6. Finally, releases the relationship used by the restore.Released relationship used by the restore of/vol/ossv_new/Cxxluck/netapp.snapdrive.linux_5_1.rpm7. Restore Ends.Successfully restored path using SnapVault RestoreWhat exactly happens during OSSV BACKUP?When you kick-in Backup from DFM server and do netstat -abnp tcp’, you can see DFM servertalking to Filer & OSSV host on NDMP port 10000 via DFPM.Note: Once backup relationship is established, DFM is no longer talking to OSSV host, and you canactually see port 10000 no longer listening on OSSVhost after few seconds/minute. At times, youmay not see this port established on OSSV Host during Backup at all.1. DFM server sends backup request to Filer & also talks to OSSV host for creating a base-linerelationship. TCP 192.168.1.15:54915 192.168.1.11[FILER]:10000 ESTABLISHED[dfpm.exe] TCP 192.168.1.15:54943 192.168.1.75[OSSV-HOST]:10000 ESTABLISHED[dfpm.exe]2. Filer connects to the OSSV host on QSM interface and establishes connection.TCP 192.168.1.11[FILER]:14764 192.168.1.75[OSSV-HOST]:10566 ESTABLISHED[svlistener.exe]3. Filer initiates the backup by pulling the data from OSSV host as shown in the netstat output below.fas01> netstat -aActive TCP connections (including servers)Local Address Remote Address Swind Send-Q Rwind Recv-Q State192.168.1.11.14764 [FILER] 192.168.1.75.10566 [OSSV-HOST] 65280 0 27 7340853ESTABLISHED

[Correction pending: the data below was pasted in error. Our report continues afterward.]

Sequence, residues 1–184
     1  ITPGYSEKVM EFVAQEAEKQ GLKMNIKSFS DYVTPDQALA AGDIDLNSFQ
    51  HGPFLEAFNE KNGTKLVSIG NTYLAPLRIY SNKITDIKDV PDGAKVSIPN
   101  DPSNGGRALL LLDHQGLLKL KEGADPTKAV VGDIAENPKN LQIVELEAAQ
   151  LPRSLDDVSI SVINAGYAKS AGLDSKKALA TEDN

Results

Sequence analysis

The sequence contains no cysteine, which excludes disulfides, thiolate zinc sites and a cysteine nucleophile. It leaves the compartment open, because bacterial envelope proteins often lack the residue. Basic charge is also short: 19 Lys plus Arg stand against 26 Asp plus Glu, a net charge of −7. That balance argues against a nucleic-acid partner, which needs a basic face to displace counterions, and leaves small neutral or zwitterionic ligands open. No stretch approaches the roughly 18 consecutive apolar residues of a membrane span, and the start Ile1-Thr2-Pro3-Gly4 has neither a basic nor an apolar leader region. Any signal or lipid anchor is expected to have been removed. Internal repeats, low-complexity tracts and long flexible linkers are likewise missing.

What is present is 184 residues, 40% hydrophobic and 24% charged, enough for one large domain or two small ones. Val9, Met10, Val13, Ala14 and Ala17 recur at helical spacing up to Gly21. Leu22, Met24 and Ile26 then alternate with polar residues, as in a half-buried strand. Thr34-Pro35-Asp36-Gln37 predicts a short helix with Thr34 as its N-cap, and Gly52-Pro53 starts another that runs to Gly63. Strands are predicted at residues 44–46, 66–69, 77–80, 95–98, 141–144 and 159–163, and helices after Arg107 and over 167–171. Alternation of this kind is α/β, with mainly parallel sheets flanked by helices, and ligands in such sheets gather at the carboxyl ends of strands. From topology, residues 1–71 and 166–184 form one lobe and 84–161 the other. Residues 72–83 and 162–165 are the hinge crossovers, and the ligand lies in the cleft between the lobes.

Issue faced during RESTOREOSSV is fairly easy setup and one should expect to perform Backup & Restore without any issues aslong as Port 10000 & 10566 is opened at the firewalls.At my customer site, Backup worked smoothly but every time we tried to do restore it just won’tobey. Following error was seen:Error:Connection had exception. Failed to connect to filerI cracked my head for a week (almost frustrated) to get around this issue but with no luck. I finallydecided to do ‘netstat –abnp tcp’ on OSSV Host while running Restore and this is where I discoveredthe following:Symptoms:TCP [OSSV] 52202 [FILER]:10566 SYN_SENT[qsmserver.exe]Basically, TCP connection was never established, Host never received SYN, ACK Packet back.This was also captured in the pktt trace I ran between OSSV Host & Filer. At this point I knew SYNpackets are being sent but ignored at the FILER end. I finally decided to open a case with NetAppSupport.Solution:NetApp Support discovered that the ‘snapvault interface’ was listed in the snapmirror blockedinterface list on the filer. Removing the interface from this list solved the issue.Filer>options interface.blocked.snapmirrorTherefore, SYN packets on port 10566 were ignored.On the side note, I think packet tracing is quite an invaluable tool when it comes to dealing withissues on TCP/IP network, it can almost tell you what’s wrong, if not how to fix it. I guess, you learnthese skills with experience.
Document reference:OSSV Installation and Admin Guide: 3.0.1https://support.netapp.com/documentation/docweb/index.html?productID=61032Installation and administration Guide: Part No. 215-05638_C0OSSV Best Practices Guide:http://media.netapp.com/documents/tr-3466.pdfOnCommand Core 5.1 :( DFM)Guide to Common Provisioning and Data Protection Workflows for 7-Mode: Part No. 210-05421_A0Note: You need a support account to access this knowledge resource. To login go tohttp://support.netapp.com/How to release a SnapVault relationship and make the secondary qtree writable (Useful: Whenyou are doing Data Migration using OSSV, rather than robocopy or any other CIFS copy tools)https://kb.netapp.com/support/index?page=content&id=1010906Courtesy:http://waflhouse.com/?p=12 -Prepared by Ashwin Pawar firstname.lastname@example.org